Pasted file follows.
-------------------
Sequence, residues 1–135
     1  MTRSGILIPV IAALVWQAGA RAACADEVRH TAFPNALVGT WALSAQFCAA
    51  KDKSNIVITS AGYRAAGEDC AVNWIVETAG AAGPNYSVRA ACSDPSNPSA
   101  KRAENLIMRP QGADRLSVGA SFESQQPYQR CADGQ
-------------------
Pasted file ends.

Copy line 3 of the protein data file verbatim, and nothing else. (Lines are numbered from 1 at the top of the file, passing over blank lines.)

    51  KDKSNIVITS AGYRAAGEDC AVNWIVETAG AAGPNYSVRA ACSDPSNPSA